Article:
Ice, Paperback
5 out of 5 (5 ratings)

Description

In this haunting and surreal novel, the narrator and a man known as the warden search for an elusive girl in a frozen, seemingly post-nuclear, apocalyptic landscape. The country has been invaded and is being governed by a secret organisation.

There is destruction everywhere; great walls of ice overrun the world.

Together with the narrator, the reader is swept into a hallucinatory quest for this strange and fragile creature with albino hair.

She is, we know, Anna Kavan herself. Acclaimed by Brian Aldiss on its publication in 1967 as the best science fiction book of the year, this extraordinary and innovative novel has subsequently been recognised as a major work of literature in its own right

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Reviews

Showing 1 - 5 of 5 reviews.

Review by
5

Review to follow - just wanting to avoid that good ol' genuine-intellectual backlash by choosing to sit on the counterfeit-intellectual side of the fence (again).

And of course if you don't agree, you know what that means, don't you?
Review by
5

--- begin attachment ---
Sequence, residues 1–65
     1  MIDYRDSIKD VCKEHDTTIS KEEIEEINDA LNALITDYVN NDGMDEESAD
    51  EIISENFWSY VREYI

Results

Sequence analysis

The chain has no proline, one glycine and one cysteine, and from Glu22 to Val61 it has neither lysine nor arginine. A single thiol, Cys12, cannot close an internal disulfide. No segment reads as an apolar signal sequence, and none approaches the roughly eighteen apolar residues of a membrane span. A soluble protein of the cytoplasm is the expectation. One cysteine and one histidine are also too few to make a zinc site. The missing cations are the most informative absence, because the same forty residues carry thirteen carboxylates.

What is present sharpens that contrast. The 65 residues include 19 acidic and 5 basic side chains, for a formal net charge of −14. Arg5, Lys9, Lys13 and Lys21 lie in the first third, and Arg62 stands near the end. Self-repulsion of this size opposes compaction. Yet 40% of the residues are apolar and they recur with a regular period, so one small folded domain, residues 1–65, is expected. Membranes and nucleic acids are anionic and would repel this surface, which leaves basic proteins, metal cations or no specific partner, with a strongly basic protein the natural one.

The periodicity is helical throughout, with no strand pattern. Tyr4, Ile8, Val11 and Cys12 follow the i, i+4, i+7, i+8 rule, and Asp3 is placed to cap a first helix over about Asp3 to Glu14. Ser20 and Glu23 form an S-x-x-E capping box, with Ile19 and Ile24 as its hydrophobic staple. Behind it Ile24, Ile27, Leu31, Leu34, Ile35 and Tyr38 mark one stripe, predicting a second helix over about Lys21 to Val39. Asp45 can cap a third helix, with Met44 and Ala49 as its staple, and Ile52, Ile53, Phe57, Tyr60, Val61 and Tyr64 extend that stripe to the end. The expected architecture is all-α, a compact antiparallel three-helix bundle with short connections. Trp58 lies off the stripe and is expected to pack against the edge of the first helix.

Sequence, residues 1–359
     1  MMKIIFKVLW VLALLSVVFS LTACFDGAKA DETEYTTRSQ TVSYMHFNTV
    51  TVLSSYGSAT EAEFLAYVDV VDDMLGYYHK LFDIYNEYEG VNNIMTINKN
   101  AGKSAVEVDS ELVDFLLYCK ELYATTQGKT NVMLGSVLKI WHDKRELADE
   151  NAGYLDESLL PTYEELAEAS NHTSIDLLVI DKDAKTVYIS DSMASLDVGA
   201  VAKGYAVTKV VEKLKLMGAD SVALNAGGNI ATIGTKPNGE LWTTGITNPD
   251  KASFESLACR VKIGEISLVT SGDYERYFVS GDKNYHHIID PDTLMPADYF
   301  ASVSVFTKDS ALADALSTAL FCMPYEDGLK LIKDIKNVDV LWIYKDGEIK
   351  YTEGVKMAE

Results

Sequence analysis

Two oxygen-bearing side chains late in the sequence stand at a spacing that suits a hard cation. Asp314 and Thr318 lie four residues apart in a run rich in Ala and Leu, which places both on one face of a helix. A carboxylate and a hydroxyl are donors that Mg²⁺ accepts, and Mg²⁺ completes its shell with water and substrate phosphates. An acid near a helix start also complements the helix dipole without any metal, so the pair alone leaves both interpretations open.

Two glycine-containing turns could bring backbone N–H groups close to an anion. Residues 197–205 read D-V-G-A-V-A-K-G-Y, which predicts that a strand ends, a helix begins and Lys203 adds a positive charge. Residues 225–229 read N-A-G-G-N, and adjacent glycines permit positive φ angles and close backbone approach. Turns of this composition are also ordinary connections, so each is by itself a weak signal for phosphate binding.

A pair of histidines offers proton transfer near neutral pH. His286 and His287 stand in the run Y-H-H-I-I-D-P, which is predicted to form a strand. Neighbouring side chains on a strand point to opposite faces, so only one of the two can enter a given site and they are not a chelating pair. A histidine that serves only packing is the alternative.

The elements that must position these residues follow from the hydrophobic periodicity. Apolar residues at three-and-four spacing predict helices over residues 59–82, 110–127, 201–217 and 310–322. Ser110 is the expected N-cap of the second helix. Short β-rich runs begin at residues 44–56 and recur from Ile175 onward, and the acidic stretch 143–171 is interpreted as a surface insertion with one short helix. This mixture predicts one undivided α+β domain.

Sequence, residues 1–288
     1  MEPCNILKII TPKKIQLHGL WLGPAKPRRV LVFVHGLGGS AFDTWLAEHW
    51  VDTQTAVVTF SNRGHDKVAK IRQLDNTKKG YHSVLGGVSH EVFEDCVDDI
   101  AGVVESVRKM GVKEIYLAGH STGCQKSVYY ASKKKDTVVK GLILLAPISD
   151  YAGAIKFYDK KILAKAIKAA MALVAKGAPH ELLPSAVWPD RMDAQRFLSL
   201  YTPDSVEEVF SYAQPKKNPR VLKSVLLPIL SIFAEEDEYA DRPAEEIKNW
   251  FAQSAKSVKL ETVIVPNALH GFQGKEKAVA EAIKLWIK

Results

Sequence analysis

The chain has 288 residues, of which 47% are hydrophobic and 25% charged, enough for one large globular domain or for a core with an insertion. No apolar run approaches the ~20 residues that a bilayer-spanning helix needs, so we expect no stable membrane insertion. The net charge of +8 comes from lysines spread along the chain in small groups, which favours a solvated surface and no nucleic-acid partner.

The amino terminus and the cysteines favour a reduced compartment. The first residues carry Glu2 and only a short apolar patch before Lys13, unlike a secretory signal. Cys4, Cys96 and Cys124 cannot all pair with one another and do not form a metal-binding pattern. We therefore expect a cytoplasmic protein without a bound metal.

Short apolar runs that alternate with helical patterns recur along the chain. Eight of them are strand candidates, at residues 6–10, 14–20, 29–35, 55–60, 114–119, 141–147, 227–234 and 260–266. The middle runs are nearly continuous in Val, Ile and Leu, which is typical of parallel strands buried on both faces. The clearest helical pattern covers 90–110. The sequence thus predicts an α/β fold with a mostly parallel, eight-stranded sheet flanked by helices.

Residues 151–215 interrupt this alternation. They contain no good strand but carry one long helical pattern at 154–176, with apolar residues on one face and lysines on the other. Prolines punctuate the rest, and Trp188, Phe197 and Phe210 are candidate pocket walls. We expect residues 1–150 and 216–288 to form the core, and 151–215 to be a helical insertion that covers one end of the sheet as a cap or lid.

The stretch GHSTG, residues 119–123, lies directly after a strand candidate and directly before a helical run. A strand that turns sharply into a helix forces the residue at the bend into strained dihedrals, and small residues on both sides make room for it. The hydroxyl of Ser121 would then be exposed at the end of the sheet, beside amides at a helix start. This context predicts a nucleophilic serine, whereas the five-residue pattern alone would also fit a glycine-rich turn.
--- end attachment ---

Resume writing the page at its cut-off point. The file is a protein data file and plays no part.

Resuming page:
Kavan creates a nightmare world that is also reality, seamlessly shifting between a global crisis to dream fugues, from a surreal search across borders that are never defined to a man's realization that the boundaries of his identity are similarly fragile. The prose is unrivaled: it flows in and out of confusion just like the narrative's logic does.

Review by
5

Kavan creates a nightmare world that is also reality, seamlessly shifting between a global crisis to dream fugues, from a surreal search across borders that are never defined to a man's realization that the boundaries of his identity are similarly fragile. The prose is unrivaled: it flows in and out of confusion just like the narrative's logic does.

Review by
4

This is one of the strangest books I've ever read! This dystopian/apocalyptic novella set in an ambiguous future was both mesmerizing and chilling. In the thin plot the narrator and another man--sometimes called "The Warden" are searching for "The Girl", a waif-like creature with silvery-white hair. Encroachment of sheets of ice is covering the world little by little. A war is taking place. The story is mostly set in a Scandinavian-like country with tinges of Cold War Eastern Europe. To me it was most like Kafka, Borges, Scaramago: like series of dream images each flowing into the other. Although not an allegory, it was full of metaphors; I also feel it could have been partly autobiographical. The author had a gift with words and painted striking word-pictures.Highly recommended.

Review by
5

When I was a kid I sometimes had the sudden fear that I could be trapped by or overwhelmed by something, usually something beautiful, and that's what Ice reminded me of, like holding a pale blue multifaceted ball up to the heavy sunlight and feeling as though I might unravel into the flat refracted color.

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